Empowering Your Future Leaders

Leadership continues to evolve, and in today’s world, many no longer tolerate authoritarian leadership styles. To get the most out of employees and to help them reach their potential, it is critical for today’s leaders in construction to develop the next generation of leaders to not only feel recognized and valued but to ensure the business remains as competitive as possible.

The next generation needs their current leaders to be ethical, inclusive, and trusting to provide the best environment for them to grow.

  • Ethical leadership – Leaders who do the right thing regardless of any short-term negative consequence will gather more respect than those found to take unethical actions. Showcasing role models who have spoken up without any negative impacts to their careers or reputations will help to encourage employees to do the right thing without fear of retaliation.
  • Diversity means nothing without inclusion – Organizations perform better with diverse teams, but diversity requires inclusion. Ensure efforts to make diverse teams are not seen as ‘box-ticking’ as this has a negative impact on those from under-recognized backgrounds as well as others who may feel overlooked. Instead, drive a culture of inclusion. For example, request input from each person during a meeting, and encourage the team to really listen and consider all of the input.
  • Trust and advocacy for career progression – Great work needs to be recognized by leaders regularly, and leaders need to advocate for others to ensure they are not forgotten, particularly when they are from an under-recognized group. When a leader publicly recognizes employee’s skills and capabilities for a new role, it helps set employees up for success when transitioning into new positions and teams.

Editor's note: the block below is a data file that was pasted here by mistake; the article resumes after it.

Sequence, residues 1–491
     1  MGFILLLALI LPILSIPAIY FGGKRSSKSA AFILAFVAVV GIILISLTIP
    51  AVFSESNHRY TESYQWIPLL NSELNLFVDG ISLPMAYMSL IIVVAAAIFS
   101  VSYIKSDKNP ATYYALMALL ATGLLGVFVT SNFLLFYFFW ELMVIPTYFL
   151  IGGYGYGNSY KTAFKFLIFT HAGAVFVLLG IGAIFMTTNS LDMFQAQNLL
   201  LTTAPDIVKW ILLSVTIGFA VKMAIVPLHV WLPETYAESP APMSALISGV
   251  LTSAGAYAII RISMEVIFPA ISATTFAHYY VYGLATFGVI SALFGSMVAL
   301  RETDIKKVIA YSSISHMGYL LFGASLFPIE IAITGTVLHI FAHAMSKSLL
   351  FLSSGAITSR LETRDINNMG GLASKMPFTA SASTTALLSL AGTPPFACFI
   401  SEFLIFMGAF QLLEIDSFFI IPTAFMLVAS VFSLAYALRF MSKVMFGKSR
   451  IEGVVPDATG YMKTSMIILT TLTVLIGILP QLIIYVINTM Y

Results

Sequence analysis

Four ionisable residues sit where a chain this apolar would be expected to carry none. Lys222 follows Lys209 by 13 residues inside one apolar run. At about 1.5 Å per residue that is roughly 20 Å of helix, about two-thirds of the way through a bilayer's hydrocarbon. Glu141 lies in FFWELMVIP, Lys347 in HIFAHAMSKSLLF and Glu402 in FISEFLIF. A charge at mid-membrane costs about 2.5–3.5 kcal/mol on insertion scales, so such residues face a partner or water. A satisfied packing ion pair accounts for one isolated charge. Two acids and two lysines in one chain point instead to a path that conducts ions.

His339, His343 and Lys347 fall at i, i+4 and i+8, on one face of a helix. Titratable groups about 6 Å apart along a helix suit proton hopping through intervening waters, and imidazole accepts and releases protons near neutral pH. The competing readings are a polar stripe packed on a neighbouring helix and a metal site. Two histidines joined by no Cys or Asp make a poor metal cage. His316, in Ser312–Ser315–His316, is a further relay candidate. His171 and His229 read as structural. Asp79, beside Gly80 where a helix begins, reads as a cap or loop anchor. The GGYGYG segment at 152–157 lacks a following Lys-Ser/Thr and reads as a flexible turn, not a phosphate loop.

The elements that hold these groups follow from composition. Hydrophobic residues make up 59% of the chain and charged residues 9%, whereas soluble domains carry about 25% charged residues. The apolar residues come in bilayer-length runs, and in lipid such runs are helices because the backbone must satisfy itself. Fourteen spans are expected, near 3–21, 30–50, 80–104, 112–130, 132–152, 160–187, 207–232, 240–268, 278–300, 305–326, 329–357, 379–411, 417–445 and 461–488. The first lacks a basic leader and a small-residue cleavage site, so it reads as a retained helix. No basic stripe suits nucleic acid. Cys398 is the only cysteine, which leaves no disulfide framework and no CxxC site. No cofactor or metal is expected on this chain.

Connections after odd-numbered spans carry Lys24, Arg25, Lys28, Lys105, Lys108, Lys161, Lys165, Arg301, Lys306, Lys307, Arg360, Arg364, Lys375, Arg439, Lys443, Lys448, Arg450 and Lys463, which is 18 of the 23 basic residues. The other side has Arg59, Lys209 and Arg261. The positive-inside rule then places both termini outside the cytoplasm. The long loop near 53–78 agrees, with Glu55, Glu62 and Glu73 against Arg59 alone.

Too often, employees in under-recognized groups feel invisible, frustrated, and undervalued in the workplace, but organizational leaders have the ability and opportunity to change this. Great leaders in construction will make the time to get to know employees at different levels of the organization and learn about their experiences, needs, and expectations at work. While there will still be workplace attrition, the goal is to keep it within acceptable levels and be consistent across both recognized and under-recognized groups. By driving inclusive workplace cultures that benefit everyone, leaders can create psychologically safe environments where everyone can feel valued.

Lauren Neal is an award-winning chartered engineer and chartered project professional in the energy industry. Since 2005, she has been working with men and women offshore, onshore, and onsite on multimillion-dollar projects across the globe. Chartered through both the Institution of Engineering and Technology (IET) and the Association of Project Management (APM), Lauren is a sought-after speaker, writer, and consultant championing gender equity and career progression within STEM.

About Valued at Work:

Your gender stats are tumbling, women aren’t advancing, their feedback is poor, and too many are leaving. What’s going on?

Women navigating a traditionally male-dominated technical sector too frequently feel invisible, frustrated, and undervalued in the workplace. Lauren Neal has been there, and she’s developed tried-and-tested approaches that male-dominated organizations can take to engage, enable, and retain women because only a truly empowered, diverse workforce can drive the best business outcomes and innovations.

Inspired by real-life stories, Valued at Work gives you the tools to drive real change without alienating any of the workforce!

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Photos by Freepik, PCH.Vector, and Pressfoto.